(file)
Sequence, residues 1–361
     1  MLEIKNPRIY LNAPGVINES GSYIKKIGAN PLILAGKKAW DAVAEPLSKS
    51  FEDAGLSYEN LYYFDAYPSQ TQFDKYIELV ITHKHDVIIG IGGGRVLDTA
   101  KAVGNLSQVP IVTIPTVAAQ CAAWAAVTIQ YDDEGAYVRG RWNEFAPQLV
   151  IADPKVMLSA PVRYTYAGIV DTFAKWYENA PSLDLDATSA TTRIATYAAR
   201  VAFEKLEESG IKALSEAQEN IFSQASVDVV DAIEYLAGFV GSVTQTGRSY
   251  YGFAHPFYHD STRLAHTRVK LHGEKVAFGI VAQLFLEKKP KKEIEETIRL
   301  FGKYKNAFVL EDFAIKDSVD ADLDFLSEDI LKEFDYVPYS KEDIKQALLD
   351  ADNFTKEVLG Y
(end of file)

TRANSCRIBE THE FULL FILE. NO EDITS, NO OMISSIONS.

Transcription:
Sequence, residues 1–361
     1  MLEIKNPRIY LNAPGVINES GSYIKKIGAN PLILAGKKAW DAVAEPLSKS
    51  FEDAGLSYEN LYYFDAYPSQ TQFDKYIELV ITHKHDVIIG IGGGRVLDTA
   101  KAVGNLSQVP IVTIPTVAAQ CAAWAAVTIQ YDDEGAYVRG RWNEFAPQLV
   151  IADPKVMLSA PVRYTYAGIV DTFAKWYENA PSLDLDATSA TTRIATYAAR
   201  VAFEKLEESG IKALSEAQEN IFSQASVDVV DAIEYLAGFV GSVTQTGRSY
   251  YGFAHPFYHD STRLAHTRVK LHGEKVAFGI VAQLFLEKKP KKEIEETIRL
   301  FGKYKNAFVL EDFAIKDSVD ADLDFLSEDI LKEFDYVPYS KEDIKQALLD
   351  ADNFTKEVLG Y